SU‐FF‐T‐650: Dosimetric Benefit of a Combination of Respiratory‐Gating, Image‐Guidance and Intensity Modulated Radiation Therapy for Pancreatic Cancer Treatment

S. Park, K. Westover, D. O'farrell, H. Mamon, R. Berbeco

Research output: Contribution to journalArticlepeer-review

Abstract

Introduction: In order to account for internal tumor motion and setup uncertainty, 3D‐conformal treatment (3D‐CRT) for upper gastrointestinal malignancies requires the placement of margins around the clinical target volume (CTV). These larger margins can result in excessive dose to normal tissue. To spare critical structures while elevating the dose to the tumor, we have investigated the dosimetric benefits of combinations of respiratory‐gating, image‐guidance and intensity modulated radiation therapy (gated‐IG‐IMRT) for pancreatic cancer treatment. Materials and Methods: Both 4D‐CT and 3D‐CT were acquired for each of the cases under study. For respiratory‐gated treatment, contours for the gross tumor volume (GTV) and critical structures on the end‐of‐exhale 4D‐CT were generated from the original contours on 3D‐CT using the MIMvista deformable registration algorithm. A reduced setup margin for image‐guided plans was used to create the planning target volume (PTV). IMRT plans were optimized based on dose volume histograms and published normal tissue constraints. Six plans for each patient were created and the PTV coverage and the dose distributions in critical structures were compared. Results: The six combinations of treatment modalities provide clinically acceptable PTV coverage and normal tissue doses that meet all dose constraints for organs at risk. IMRT and image‐guided plans provided equivalent or lower mean doses to normal tissues than 3D‐CRT and non‐image‐guided plans, respectively. Respiratory‐gated treatment plans provided slightly lower doses to liver, stomach, right kidney, spinal cord, and spleen, but significantly reduced dose (60–70%) to left kidney when compared with non‐gated plans. Conclusions: By combining technologies and decreasing the margin, dose escalation will be possible in the treatment of pancreatic cancer without compromising the dose to normal tissue. This work was partially supported by Technology and Innovation Grant at Dana‐Farber/Brigham and Women's Cancer Center.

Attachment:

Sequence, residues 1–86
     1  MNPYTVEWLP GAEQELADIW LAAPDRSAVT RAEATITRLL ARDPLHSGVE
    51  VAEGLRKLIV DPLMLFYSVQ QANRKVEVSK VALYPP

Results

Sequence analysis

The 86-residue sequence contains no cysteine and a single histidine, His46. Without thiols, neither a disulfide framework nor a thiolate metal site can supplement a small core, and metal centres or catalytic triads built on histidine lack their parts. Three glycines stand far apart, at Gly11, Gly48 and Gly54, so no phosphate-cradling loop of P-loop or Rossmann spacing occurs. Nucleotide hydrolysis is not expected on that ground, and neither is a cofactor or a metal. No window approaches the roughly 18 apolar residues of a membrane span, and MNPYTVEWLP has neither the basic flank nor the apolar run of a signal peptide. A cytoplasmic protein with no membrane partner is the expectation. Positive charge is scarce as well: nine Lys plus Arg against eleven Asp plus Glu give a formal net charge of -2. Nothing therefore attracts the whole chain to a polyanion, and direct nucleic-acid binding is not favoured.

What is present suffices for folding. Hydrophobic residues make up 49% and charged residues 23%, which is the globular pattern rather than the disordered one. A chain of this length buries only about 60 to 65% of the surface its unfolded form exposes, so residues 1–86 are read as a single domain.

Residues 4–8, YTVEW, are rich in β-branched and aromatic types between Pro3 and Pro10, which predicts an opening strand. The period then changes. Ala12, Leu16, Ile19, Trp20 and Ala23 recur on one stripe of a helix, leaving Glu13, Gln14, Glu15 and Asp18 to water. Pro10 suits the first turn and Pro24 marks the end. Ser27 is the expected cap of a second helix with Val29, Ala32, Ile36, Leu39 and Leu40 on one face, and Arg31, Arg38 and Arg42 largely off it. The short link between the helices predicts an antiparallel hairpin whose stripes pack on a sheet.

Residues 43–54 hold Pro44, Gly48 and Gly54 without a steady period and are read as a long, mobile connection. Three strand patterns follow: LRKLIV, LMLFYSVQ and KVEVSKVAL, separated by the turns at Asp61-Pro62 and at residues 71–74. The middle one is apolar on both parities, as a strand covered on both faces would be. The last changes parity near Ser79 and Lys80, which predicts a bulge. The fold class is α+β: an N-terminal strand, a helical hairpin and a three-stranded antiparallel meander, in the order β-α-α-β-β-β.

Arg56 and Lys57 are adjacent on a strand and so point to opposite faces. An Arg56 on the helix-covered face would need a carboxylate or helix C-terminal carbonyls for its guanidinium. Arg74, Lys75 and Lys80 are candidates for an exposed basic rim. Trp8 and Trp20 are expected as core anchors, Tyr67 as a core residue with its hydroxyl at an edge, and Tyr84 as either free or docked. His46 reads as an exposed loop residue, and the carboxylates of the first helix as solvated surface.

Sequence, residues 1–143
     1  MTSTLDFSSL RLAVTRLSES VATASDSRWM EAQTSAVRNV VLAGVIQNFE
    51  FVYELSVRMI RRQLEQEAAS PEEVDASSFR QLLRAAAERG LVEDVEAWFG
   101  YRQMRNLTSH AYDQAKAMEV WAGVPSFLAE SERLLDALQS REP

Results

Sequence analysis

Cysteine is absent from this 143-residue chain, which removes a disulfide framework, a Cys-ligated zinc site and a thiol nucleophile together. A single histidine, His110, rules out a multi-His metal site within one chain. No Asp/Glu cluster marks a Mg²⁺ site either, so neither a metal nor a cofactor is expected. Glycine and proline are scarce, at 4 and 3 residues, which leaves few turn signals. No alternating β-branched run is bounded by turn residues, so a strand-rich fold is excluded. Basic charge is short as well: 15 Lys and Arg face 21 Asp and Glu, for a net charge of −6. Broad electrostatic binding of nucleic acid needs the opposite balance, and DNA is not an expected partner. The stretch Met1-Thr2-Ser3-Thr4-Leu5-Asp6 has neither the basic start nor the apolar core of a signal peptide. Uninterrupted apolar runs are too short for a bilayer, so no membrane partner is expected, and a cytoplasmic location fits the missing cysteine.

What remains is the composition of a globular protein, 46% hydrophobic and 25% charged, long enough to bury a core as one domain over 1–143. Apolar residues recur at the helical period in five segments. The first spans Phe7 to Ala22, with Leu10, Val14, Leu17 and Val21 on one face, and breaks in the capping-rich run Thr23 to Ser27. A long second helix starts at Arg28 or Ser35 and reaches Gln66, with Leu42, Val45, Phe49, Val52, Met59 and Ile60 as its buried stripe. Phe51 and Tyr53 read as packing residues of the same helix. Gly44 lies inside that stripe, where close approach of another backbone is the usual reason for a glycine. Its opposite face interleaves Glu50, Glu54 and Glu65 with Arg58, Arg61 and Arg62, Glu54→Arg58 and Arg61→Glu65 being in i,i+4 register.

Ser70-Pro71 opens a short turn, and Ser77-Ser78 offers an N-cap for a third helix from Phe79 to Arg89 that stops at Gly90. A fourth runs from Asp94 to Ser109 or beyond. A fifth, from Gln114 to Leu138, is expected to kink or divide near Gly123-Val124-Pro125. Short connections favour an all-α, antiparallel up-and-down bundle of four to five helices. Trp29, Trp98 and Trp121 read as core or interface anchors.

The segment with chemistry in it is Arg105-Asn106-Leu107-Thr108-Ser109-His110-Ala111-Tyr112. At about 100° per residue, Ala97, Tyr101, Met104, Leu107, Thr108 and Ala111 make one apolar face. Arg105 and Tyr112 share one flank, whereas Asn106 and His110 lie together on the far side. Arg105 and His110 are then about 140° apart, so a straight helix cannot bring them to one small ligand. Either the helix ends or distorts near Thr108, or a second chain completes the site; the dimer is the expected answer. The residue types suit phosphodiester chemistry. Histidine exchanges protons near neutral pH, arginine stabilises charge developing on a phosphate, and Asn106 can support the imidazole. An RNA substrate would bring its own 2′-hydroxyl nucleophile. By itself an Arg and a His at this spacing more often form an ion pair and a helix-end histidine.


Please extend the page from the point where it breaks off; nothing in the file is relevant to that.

Original languageEnglish (US)
Pages (from-to)2674
Number of pages1
JournalMedical Physics
Volume36
Issue number6
DOIs
StatePublished - 2009

ASJC Scopus subject areas

  • Biophysics
  • Radiology Nuclear Medicine and imaging

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